Can you believe we’re almost at the end of January already? I must either be getting old or having lots and lots of fun because I know I can’t. For me, these last few weeks have flown by. Then again, I have had my head in a book of late and we all know how time can pass when that happens. Not that I’m not talking literally here, of course, having a paperback strapped to my face would make life a bit too difficult.
What I am referring to though is my work in progress. Having taken a break from it in the run up to Christmas, I’ve been more or less back to it ever since and I have to say that so far, it seems to be going well. Naturally I’m not going to give the story away at this stage, but I thought I might whet your appetites with a sneak peak as to what’s coming up next.
So without further ado…
BIRTHS, DEATHS AND MARRIAGES
by Suzie Tullett
Annabel checked her watch and groaned. She’d always had a problem with punctuality. No matter how hard she tried, how early she left the house, or even how fast she drove, she always seemed to be running late; a reality that had only gotten worse over the last couple of years. But despite any good intentions it seemed even days like today weren’t enough to get her act together on the time keeping front. Then again, was it any wonder? Lost in her own thoughts most of the time, minutes often turned into hours without her even realising.
Not that all the horrendous traffic on the road seemed to be helping any. Bloody Sunday drivers.
Forced to come to yet another standstill, Annabel looked about at all the other cars. At least she wasn’t the only one fed up, everyone else appearing equally as pissed thanks to all this stopping and starting. Well not everyone, she realised, as her eyes settled on one set of travellers in particular and continuing to watch them, she couldn’t help but smile. Animatedly belting out a rendition of some song or other, the happy family of three were certainly making the most out of their journey. Although looking at the age of the tot strapped into the rear car seat Annabel guessed it could only have been a nursery rhyme. Probably Incy Wincy Spider, she thought, going off their accompanying actions and with the tune instantly popping into her head, she felt almost tempted to join in.
She wondered if it was a sign, a message letting her know that regardless of the obvious concerns she was definitely doing the right thing. Either way, she couldn’t help the warm glow settling in her tummy as she imagined the day in the not too distant future when she, too, was going to be a mother. She readily envisaged making a public show of herself in much the same way as the nearby trio; in fact, if anything, probably more so. She and her own little one were going to have as much fun as possible and at every available opportunity. Life was way too short for anything else.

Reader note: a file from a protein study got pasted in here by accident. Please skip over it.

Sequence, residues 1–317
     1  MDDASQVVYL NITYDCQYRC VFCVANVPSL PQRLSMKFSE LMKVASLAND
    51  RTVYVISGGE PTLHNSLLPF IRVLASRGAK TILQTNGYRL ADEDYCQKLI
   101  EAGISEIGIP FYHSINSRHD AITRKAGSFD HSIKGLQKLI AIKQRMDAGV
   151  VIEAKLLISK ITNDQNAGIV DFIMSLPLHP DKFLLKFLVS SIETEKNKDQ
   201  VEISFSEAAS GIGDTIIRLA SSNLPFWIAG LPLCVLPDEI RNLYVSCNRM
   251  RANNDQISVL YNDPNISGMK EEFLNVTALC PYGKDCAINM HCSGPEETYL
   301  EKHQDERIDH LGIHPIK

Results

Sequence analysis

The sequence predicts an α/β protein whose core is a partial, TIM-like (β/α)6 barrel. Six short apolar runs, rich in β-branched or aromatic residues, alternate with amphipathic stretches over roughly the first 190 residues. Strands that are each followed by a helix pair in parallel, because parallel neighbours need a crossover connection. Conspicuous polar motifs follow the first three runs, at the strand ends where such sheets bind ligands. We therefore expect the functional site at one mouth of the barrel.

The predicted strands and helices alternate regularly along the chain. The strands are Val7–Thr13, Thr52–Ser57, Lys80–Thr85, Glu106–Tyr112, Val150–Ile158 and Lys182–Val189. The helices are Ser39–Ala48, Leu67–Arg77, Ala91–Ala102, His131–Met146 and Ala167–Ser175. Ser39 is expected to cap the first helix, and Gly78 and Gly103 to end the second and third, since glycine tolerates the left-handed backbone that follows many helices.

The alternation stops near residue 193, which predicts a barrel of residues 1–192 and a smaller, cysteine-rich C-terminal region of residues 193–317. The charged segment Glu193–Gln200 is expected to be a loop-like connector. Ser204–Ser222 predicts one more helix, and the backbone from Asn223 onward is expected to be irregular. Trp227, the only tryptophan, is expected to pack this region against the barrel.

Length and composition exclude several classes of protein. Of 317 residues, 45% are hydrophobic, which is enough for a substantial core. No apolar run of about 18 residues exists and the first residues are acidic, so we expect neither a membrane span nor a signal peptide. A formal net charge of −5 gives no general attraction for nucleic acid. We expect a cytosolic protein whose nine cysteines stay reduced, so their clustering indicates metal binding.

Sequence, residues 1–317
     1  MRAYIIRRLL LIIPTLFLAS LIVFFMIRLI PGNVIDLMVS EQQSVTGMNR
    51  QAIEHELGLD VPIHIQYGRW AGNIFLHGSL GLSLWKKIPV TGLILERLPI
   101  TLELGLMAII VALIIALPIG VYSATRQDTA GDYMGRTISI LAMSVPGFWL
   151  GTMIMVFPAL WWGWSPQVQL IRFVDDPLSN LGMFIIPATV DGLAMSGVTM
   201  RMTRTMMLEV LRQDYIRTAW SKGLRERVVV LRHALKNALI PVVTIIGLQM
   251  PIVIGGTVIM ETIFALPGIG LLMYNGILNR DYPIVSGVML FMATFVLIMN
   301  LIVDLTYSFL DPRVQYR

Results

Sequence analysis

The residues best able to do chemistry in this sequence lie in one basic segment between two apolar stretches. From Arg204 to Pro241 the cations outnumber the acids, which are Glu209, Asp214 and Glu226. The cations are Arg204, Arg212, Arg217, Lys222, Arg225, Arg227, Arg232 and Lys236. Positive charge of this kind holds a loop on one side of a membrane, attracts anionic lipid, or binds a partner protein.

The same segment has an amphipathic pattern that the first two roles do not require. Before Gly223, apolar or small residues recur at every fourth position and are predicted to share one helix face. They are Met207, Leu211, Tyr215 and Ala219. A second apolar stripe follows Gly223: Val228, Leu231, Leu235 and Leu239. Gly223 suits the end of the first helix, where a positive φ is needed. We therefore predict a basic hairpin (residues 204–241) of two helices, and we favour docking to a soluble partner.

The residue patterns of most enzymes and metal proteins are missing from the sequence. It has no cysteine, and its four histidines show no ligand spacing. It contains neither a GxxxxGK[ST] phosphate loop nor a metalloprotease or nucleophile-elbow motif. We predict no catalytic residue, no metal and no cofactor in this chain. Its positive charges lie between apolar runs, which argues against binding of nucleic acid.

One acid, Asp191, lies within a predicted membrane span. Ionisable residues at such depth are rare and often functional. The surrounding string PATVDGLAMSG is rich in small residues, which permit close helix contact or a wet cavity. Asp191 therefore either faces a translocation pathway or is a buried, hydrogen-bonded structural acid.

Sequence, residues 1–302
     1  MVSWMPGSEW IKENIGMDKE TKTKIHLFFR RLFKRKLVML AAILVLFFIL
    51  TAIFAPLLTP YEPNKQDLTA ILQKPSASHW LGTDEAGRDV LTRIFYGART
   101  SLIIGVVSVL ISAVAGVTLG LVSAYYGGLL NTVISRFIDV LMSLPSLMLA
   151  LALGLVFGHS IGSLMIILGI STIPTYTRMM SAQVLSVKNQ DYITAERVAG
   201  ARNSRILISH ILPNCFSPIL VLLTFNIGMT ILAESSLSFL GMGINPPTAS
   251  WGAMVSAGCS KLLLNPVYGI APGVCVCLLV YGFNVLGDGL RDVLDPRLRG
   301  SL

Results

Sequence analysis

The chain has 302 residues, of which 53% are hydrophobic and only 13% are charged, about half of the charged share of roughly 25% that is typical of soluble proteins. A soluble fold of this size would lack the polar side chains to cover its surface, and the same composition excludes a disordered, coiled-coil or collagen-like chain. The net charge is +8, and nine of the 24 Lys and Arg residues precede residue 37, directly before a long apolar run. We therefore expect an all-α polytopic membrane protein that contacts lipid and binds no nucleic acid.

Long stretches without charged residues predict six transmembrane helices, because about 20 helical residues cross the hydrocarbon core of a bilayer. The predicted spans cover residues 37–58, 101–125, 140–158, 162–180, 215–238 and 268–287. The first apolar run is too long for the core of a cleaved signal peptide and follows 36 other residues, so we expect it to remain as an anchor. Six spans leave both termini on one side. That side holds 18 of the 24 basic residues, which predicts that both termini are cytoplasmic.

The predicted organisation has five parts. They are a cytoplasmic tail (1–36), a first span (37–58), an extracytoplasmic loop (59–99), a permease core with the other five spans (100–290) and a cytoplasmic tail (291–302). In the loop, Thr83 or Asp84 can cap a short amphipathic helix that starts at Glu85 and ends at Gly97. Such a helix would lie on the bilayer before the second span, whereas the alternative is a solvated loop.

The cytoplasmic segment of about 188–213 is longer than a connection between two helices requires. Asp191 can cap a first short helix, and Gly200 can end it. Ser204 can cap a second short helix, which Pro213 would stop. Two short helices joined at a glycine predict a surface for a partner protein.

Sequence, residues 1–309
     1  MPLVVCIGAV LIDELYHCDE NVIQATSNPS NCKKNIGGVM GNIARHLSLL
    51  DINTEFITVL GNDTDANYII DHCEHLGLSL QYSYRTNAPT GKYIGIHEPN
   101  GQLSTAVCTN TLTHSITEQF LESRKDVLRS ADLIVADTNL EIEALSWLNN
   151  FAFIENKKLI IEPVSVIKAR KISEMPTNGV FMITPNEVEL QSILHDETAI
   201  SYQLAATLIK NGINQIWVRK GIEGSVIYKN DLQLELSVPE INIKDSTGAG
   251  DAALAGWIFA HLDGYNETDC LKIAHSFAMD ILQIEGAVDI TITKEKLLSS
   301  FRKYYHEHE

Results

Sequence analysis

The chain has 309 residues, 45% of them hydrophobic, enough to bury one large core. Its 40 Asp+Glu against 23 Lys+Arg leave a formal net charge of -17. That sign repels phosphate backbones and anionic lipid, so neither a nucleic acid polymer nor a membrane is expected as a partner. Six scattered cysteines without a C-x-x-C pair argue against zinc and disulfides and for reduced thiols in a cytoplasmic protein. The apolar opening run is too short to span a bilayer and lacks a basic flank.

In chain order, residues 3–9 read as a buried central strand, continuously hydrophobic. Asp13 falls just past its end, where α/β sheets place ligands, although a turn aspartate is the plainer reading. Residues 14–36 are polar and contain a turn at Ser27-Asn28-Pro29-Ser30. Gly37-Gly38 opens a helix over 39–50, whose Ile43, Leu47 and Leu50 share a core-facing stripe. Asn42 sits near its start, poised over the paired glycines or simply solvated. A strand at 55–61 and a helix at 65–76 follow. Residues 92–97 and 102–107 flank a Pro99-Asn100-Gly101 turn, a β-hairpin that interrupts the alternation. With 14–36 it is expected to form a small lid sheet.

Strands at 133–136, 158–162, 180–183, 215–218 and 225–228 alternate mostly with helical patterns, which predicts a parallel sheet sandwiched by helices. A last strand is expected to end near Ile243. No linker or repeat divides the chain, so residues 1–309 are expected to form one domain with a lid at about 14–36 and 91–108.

The traffic began to move again bringing Annabel back to the task at hand. “Finally,” she said, shoving the car into gear and moving off. “Maybe now I’ll actually get there.”
As much as she loved these weekly visits, needed them even, reaching her destination was always a pain. Of course, Tom had to be used to her unfortunate time keeping by now, but she still couldn’t excuse it. Feeling guilty, she hated the thought of him simply hanging around on her account and anxiously tapping her fingers on the steering wheel, negotiating one road after another, she insisted that next week she really would do better.
At last she spotted the church spire, that all too familiar landmark and swinging her little car into the car park she just as quickly hit the brakes, forcing it to come to a screeching halt. Emergency stop complete, she took a second to compose herself. This was big news and her nerves were really starting to kick in. Throwing off her seat belt she checked her watch again. “Shit!” Jumping out of the vehicle, even she hadn’t realised she was that late. Unfortunately this meant that she was now going to have to blooming well run and sadly for any observers, her running had always been as bad as her time keeping.
She grabbed a shopper and deckchair from the boot and commenced hot footing it along the path, but struggling with her load almost fell. “Jesus Christ!” she said, just about managing to keep her balance. She had enough to talk about this morning without having to explain a sprained ankle on top of everything else. Ignoring her blushes, she glanced around, relieved to find no-one had bore witness. Tom had always said if anyone could trip over their own feet it was her. But it was alright for him, wasn’t it? He’d never run behind schedule either.